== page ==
How to define “Fast Food”

It seems that the District of Columbia (That’d be Washington D.C. to you non-American readers) is having difficulty coming up with a legal definition of “Fast Food Restaurant”.

Their previous attempt, constructed in the 1980′s, had phrases such as “ready-to-consume food” and “customer queuing” occupying “greater than ten percent of the total floor space on any one (1) floor that is accessible to the public.” Anyone with a passing knowledge of bureaucracy-speak can see that these can be broadly applied to places that may not fit in the spirit of what is “fast food”.

Their current tact?

Under the proposed change, you’ll know you’re in a fast-food eatery if a) there’s a drive-through window; or b) you pay before you eat; or c) you eat off paper plates, and your utensils are of the plastic variety.

Then there was another issue: What about those establishments that aren’t fast-food or restaurants, such as ice cream parlors, latte bars and delis? What do they have in common? Answer: no cooking on premises.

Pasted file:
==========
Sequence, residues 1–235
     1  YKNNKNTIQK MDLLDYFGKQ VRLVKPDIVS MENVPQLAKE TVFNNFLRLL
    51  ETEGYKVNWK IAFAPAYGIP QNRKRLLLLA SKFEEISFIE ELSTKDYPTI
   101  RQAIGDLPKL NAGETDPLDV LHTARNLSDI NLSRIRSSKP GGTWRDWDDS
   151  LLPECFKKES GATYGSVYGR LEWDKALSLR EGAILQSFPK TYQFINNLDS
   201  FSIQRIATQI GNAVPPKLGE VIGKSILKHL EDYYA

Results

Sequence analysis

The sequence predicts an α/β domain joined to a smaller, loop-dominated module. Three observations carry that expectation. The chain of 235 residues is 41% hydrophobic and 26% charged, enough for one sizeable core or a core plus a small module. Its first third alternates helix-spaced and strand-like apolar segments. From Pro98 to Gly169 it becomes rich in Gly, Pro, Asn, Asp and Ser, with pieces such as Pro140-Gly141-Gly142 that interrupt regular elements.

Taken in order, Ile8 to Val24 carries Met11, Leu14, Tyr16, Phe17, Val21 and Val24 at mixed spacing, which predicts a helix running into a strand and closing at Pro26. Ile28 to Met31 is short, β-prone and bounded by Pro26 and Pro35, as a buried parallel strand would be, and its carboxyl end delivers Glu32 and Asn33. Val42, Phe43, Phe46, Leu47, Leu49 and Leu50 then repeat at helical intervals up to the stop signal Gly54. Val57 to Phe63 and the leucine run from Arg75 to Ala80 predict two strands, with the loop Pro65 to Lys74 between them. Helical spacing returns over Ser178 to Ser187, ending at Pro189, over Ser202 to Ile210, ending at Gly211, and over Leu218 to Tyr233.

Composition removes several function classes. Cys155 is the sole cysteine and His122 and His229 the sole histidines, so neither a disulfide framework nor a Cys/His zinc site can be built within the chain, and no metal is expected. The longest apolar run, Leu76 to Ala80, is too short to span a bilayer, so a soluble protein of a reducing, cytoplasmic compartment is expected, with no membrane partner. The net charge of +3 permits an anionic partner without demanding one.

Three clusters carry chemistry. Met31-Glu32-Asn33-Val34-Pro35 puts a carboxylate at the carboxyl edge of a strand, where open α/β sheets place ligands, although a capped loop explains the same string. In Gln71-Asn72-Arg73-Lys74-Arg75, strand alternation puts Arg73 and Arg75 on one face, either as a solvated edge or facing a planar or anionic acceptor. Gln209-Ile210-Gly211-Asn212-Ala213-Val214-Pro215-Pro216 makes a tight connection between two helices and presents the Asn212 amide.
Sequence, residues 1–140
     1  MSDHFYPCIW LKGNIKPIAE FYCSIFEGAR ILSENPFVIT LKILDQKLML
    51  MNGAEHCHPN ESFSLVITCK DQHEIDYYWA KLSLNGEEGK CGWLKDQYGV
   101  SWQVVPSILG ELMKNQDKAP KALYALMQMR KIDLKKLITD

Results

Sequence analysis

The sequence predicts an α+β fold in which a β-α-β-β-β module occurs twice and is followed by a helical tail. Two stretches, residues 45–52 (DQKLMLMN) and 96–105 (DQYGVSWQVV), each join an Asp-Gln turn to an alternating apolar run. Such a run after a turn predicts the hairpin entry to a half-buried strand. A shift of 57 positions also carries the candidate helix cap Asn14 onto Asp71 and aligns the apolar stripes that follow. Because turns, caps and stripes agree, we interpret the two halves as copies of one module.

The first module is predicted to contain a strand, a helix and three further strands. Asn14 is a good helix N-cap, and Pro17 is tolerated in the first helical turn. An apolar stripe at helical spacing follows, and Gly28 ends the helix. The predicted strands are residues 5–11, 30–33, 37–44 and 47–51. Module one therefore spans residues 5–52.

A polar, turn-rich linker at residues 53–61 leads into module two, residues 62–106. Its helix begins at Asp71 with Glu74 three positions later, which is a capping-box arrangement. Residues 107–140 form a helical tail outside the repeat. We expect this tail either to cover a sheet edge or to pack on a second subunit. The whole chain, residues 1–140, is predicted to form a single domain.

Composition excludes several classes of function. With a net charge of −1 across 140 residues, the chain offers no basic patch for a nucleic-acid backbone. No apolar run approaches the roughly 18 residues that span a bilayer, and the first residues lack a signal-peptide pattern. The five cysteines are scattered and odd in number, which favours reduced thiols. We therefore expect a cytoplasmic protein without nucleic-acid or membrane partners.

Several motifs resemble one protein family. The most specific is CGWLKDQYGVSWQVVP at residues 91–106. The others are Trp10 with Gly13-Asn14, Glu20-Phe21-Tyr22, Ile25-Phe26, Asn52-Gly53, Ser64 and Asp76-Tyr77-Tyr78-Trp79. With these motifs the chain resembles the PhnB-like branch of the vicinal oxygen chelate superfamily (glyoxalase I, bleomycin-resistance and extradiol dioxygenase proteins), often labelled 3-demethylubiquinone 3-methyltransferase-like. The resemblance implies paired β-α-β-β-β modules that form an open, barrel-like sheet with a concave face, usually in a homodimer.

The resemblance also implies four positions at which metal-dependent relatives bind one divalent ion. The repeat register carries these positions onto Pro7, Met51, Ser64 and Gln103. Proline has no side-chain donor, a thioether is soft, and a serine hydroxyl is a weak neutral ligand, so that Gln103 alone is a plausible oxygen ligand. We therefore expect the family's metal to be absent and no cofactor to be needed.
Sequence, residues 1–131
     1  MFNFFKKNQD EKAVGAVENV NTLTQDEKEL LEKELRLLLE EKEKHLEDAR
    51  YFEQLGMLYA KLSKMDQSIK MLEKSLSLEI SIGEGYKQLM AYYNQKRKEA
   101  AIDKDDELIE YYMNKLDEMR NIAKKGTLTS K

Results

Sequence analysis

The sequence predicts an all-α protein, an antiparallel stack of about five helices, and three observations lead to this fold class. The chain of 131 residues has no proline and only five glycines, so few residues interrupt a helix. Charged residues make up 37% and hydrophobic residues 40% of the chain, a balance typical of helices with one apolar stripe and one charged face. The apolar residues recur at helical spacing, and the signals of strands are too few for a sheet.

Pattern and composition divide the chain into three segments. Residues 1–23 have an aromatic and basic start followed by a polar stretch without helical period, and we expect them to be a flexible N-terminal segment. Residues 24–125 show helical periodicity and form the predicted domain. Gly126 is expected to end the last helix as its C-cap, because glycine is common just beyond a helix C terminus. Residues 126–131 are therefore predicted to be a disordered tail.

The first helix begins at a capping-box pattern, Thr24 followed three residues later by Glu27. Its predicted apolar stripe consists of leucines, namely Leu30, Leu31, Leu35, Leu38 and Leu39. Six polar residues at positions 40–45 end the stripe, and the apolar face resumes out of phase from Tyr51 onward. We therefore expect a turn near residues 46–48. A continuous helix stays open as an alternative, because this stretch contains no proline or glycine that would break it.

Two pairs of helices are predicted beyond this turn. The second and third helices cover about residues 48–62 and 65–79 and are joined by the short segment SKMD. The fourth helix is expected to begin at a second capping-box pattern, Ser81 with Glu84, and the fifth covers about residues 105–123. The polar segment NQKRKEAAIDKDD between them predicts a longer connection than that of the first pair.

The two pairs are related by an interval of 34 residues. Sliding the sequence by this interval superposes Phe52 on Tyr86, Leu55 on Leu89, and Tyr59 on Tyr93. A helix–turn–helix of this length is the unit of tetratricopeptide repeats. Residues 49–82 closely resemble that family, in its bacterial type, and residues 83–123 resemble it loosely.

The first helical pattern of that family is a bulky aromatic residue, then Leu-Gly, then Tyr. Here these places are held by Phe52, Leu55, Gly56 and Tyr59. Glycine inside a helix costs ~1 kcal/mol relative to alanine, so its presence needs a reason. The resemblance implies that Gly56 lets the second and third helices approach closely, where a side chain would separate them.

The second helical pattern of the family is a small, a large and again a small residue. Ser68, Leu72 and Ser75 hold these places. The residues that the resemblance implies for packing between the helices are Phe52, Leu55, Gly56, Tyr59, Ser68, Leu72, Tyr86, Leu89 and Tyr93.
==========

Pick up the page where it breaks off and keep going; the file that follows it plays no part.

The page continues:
I think the drive-through window angle is a good start, but items b and c are problematic.
Many buffet restaurants have you pay before you eat, and many barbecue places have folks eat off of paper (or Styrofoam) plates and eat with plastics utensils. If I recall correctly, there’s a pretty decent chili chain local to the D.C. area which offers paper plates and bowls as well as plastic utensils.

And thus, if cooking on site and having a drive-window are the only requirement that fits, how would the Subway’s and Quizno’s of the world fit into their picture?

Weird. How do you define a fast food restaurant?

My quick and snarky reply? Any restaurant that deliver a customer over 1200 calories with two items from a menu board, and is designed to have these products in the customer’s hands in less than three minutes is a fast food restaurant.